In the early days of the internet, opinions varied on how popular the new technology would be with the public.

Nobel-Prize-winning economist Paul Krugman infamously doubted the web’s potential, saying, “By 2005 or so, it will become clear that the internet’s impact on the economy has been no greater than the fax machine’s.”

Despite the naysayers, web pioneers pushed forward and built the necessary infrastructure. They knew that a worldwide network of computers would bring incredible benefits.

The doubters were proved wrong when email caught on as the internet’s first “killer application.” E-commerce followed shortly after, and the rest is history.

Cryptocurrency is in roughly the same place today that the internet was in the mid-1990s. Early adopters clearly see the potential, but many skeptics still aren’t sold.

Thriving Off of Fiat Money’s Downfall

I believe the first killer app for crypto is plain to see.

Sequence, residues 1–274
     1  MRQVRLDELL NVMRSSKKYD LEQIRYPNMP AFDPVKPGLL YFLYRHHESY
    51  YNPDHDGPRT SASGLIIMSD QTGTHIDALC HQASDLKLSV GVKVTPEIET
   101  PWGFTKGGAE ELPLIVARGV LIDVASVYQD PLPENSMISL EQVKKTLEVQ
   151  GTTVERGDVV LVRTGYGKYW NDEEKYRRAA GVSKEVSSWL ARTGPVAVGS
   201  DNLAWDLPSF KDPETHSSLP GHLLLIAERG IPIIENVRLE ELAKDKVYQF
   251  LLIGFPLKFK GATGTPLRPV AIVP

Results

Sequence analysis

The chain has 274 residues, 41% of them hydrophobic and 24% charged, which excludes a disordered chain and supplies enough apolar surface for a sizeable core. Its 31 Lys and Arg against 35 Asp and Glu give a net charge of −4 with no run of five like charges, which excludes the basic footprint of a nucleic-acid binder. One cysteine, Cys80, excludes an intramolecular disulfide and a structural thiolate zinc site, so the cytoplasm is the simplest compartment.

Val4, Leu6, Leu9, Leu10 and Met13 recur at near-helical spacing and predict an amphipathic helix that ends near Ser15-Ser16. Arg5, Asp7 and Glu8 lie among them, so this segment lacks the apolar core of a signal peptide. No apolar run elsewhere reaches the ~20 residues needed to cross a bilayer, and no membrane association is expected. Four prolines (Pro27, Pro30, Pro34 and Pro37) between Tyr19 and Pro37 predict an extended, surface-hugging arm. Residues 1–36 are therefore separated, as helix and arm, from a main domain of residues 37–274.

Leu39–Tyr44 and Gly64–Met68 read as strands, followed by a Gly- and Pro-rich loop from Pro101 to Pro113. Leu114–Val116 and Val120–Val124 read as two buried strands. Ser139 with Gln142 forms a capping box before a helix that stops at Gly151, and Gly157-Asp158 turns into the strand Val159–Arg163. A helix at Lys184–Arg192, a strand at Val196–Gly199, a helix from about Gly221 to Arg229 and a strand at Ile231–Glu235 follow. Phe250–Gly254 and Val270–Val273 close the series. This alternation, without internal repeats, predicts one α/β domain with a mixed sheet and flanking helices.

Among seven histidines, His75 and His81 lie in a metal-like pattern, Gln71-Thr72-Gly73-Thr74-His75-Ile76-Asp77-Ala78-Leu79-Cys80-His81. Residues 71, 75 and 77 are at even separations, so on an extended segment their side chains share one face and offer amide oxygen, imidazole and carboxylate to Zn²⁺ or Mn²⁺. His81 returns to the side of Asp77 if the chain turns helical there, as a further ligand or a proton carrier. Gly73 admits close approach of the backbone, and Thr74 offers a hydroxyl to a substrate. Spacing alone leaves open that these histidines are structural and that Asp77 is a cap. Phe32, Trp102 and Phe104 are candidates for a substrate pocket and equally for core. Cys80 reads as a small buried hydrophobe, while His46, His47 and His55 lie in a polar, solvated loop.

Bitcoin is digital gold in a time when the traditional financial system is in trouble.

World debt is growing at an unsustainable pace on country, state, local and individual levels.

The U.S. borrowed a trillion dollars in roughly the last six months. That brings the total federal debt to $21 trillion.

It’s the same story across much of the globe. Almost everybody’s racking up debt at unprecedented rates. It’s been going on for four decades or so now.

The fiat money system is already breaking down in places like Venezuela, Argentina and Zimbabwe. All these places have both very high inflation and huge bitcoin/crypto communities. That’s no coincidence.

Massive bank bailouts have happened in numerous “developed” countries. And more trouble is inevitable with rapidly rising spending, debt and liabilities. Debt booms simply cannot last forever, and we’re starting to see the consequences now.

There’s also the fact that few of the long-term problems were fixed after the last crisis because the market wasn’t allowed to do its job and let banks go bust.

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